The Posture of Worship (Revelation 4:9–10)


When I was a pastor, I usually sat on the front row. I did this not because I was some sort of liturgical brown-noser, eager to earn worship points from God for my enthusiasm. I was a pastor; I was paid to sit on the front row. Unfortunately, I could not see my fellow worshipers from the front row. My back was to them. So, on occasion, while the worship team led congregational singing, I turned around for a look. On even rarer occasions (only once or twice a year), I sat in the very back row. From there, I … Continue reading The Posture of Worship (Revelation 4:9–10)

Worshiping God for Who He Is (Revelation 4:8–9)


Familiarity breeds contempt. At least that is often the case with our relationships. In The Screwtape Letters, C. S. Lewis writes, “When two humans have lived together for many years it usually happens that each has tones of voice and expressions of face which are almost unendurably irritating to the other.”[i] And all the people said, “Amen!” Or, as the kids might put it, “Been there, done that.” Interestingly, when it comes to a relationship with God, familiarity breeds not contempt but ever-increasing wonder. Consider, for example, these words from Revelation 4:8–9: “And the four living creatures, each of them … Continue reading Worshiping God for Who He Is (Revelation 4:8–9)

The Worshipers of God (Revelation 4:6–8)


Around the throne of God are gathered “twenty-four elders” (Rev. 4:4), “four living creatures” (4:6), and “many angels” (5:11). Although he does not see them in his vision, John hears the voices of “every creature in heaven and on earth and under the earth and in the sea, and all that is in them” (5:13). All creation, John is telling us, unites to worship the God who made them and the Lamb who would save them (Rev. 4:6-8). In Reversed Thunder—my favorite book on John’s Revelation—Eugene Peterson comments on the significance of the twenty-four elders and the four living creatures. Of … Continue reading The Worshipers of God (Revelation 4:6–8)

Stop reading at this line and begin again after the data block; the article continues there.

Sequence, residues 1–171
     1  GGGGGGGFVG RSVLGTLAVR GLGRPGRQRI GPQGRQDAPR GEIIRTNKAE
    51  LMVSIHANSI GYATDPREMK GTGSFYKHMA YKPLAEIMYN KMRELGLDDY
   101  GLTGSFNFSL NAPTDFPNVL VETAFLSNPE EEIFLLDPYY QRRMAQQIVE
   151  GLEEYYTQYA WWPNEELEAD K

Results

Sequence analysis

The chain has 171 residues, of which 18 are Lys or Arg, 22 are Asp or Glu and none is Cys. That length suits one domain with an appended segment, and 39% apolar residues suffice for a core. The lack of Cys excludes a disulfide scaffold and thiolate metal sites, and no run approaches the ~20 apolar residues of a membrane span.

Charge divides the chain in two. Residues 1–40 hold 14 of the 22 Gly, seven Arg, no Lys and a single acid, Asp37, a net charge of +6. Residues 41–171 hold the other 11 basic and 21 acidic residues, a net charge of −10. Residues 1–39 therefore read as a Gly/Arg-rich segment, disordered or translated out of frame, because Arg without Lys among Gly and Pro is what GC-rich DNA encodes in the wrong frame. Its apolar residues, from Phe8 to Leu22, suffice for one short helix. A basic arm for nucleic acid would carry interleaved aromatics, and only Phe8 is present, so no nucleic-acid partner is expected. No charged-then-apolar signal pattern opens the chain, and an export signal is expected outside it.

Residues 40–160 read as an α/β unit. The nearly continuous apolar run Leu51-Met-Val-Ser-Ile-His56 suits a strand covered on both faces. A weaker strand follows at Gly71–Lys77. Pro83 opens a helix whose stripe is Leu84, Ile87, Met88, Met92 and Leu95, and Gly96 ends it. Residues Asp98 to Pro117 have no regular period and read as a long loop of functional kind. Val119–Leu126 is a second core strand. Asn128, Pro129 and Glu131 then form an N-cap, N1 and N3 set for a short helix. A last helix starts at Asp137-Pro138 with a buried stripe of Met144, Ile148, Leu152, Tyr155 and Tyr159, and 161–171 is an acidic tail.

Shock and Awe (Revelation 4:2–6)


Who is the God Jesus Christ invites us to worship? Several years ago, J. B. Phillips wrote a helpful little theology primer with the title, Your God Is Too Small. In the first half of that book, he exposed numerous “inadequate conceptions of God which still linger unconsciously in many minds,” including God as a “resident policeman,” “parental hangover,” “grand old man,” “managing director,” “and pale Galilean.”[i] More recently, in Habits of the Heart, Robert Bellah and his colleagues told the story of a woman named Sheila, who said: “I believe in God. I’m not a religious fanatic. I can’t … Continue reading Shock and Awe (Revelation 4:2–6)

‘Come Up Here’ (Revelation 4:1)


Today, many American congregations are casualty-strewn battlefields of the “worship wars,” in which defenders of traditional hymns, pianos, and organs face off against partisans of contemporary choruses, guitars, and drums. Such wars, I fear, reduce the worship of God to a question of style rather than substance: “How do we worship?” instead of “Whom do we worship, and why?” Revelation 4–5 counters this reductionism with a mind-expanding vision of God and his Lamb, whose character and actions call forth our unceasing, full-throated, knee-bending “glory and honor and thanks” (4:9). Let’s take a closer look. The worship of God begins with … Continue reading ‘Come Up Here’ (Revelation 4:1)

Wholeheartedness: The Seventh Mark of an Ideal Church (Revelation 3:14–22)